I’ve written before about my love of the police procedural. At its best it’s one of my favourite genres, but there seems to be a trend now to go very heavy on the procedure. It seems some writers feel they have to prove they’ve done their homework by regurgitating every painstaking detail onto the page. Sadly, there have been a number of recent high-profile cases which suggest that the actual police are rather less concerned with procedure than the aspiring crime author.
If, to paraphrase Hitchcock, fiction is life with the dull bits cut out, why are some crime writers, in their quest for verisimilitude, zealously putting them back in? Part of making a story move is shaping the narrative, knowing what to select. A bright eight-year-old might question why no one ever goes to the toilet in stories, but most of us know the answer.
When does messing with reality become a problem? I read a Stephen L Carter novel where he changed the timing of a battle in Vietnam to suit his character’s arc. I thought rewriting history was going a bit far. On the other hand, Sharon Penman once moved Richard the Third to a different castle on a crucial date and I felt much less strongly. Because the historical record was less clear, or just because it was a long time ago?
I felt let down by Force of Nature because I found the premise unconvincing, but was happy to watch Paul Abbott’s No Offence where rules are gleefully abandoned – suspects questioned together, vulnerable individuals left unsupervised in interview rooms, a pathologist who also happens to be their IT expert and is not averse to turning his hand to forensics – because it fits the anarchic nature of the programme.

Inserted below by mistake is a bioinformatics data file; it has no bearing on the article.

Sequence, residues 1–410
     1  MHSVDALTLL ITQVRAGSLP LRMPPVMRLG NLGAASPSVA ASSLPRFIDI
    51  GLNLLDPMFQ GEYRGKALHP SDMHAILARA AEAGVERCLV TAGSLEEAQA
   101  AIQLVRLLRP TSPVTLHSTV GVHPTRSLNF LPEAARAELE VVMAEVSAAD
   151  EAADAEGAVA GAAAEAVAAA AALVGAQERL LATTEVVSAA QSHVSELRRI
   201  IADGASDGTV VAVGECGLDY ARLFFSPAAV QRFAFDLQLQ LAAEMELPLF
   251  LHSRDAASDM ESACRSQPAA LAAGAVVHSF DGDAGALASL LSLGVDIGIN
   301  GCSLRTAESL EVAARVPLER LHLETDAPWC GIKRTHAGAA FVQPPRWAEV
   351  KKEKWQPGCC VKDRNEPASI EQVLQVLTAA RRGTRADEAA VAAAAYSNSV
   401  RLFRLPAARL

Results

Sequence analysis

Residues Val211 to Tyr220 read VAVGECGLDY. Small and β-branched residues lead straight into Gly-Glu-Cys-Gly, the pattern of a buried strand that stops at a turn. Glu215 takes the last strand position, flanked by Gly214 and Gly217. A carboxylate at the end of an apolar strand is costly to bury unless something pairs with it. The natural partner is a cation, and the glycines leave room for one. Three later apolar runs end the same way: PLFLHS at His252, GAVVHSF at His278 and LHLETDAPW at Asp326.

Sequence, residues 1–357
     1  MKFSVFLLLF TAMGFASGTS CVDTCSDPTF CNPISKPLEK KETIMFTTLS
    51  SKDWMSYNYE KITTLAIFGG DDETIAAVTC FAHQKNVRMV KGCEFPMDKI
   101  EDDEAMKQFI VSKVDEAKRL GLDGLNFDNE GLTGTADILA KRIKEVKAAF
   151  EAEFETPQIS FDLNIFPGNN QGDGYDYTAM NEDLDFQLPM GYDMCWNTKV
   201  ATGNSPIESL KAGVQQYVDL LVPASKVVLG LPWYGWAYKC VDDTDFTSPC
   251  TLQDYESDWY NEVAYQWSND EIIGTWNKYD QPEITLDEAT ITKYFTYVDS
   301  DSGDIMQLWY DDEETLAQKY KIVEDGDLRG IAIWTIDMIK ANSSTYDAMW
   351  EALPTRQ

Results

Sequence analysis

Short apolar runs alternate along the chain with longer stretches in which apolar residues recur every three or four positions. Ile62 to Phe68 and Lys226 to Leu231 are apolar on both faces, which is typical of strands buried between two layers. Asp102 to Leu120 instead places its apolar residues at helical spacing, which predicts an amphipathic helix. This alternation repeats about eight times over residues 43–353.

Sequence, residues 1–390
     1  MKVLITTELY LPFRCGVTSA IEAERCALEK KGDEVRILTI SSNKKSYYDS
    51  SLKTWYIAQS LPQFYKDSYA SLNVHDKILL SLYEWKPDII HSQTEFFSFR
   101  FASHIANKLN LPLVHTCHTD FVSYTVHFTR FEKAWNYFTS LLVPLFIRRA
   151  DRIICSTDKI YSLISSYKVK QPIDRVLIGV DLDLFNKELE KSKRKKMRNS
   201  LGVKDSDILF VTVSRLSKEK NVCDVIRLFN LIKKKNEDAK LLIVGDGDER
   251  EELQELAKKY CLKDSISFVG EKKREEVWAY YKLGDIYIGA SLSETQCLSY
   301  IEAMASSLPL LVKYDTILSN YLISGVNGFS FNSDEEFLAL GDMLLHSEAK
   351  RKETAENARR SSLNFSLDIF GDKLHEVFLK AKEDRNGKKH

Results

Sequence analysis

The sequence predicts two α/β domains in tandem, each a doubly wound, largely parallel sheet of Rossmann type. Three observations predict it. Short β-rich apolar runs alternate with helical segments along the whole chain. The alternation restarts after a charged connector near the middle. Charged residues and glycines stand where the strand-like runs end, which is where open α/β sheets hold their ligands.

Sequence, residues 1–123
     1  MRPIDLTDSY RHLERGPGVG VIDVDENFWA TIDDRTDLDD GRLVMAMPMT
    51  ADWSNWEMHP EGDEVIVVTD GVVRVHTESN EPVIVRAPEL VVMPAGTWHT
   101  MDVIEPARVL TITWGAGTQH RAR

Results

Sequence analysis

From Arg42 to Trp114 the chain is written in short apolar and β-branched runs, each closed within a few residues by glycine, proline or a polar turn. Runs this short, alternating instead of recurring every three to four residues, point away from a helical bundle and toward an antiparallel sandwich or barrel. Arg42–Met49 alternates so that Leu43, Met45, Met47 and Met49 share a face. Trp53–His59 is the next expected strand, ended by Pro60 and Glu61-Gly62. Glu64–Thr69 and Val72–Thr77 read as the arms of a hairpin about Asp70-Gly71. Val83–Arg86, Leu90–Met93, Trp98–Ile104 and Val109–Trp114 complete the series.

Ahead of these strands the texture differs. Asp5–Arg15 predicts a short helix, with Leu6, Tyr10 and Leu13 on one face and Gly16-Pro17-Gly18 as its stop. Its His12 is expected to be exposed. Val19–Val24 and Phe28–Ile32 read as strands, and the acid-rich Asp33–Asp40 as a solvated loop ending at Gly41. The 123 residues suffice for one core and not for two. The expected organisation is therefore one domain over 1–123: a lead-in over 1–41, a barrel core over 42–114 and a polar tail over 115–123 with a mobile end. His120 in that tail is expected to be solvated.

I think it’s okay to deviate from reality if it complicates a story, but not if it miraculously resolves one. If a career criminal refuses a lawyer, bursts into tears and confesses everything, that’s a disappointment, but if he’s illegally interrogated in the car on the way to the station and gives up a significant piece of information that is now inadmissible, that may be a lie, that would force the police to take the case in a whole new direction, then that is great storytelling.
Even the most casual reader or viewer of crime fiction these days is well versed in the Police and Criminal Evidence Act. If we’re expecting gritty realism, we need to be confident that there is a solid procedural framework underlying the drama. What we don’t need is authors over-zealously showing their workings.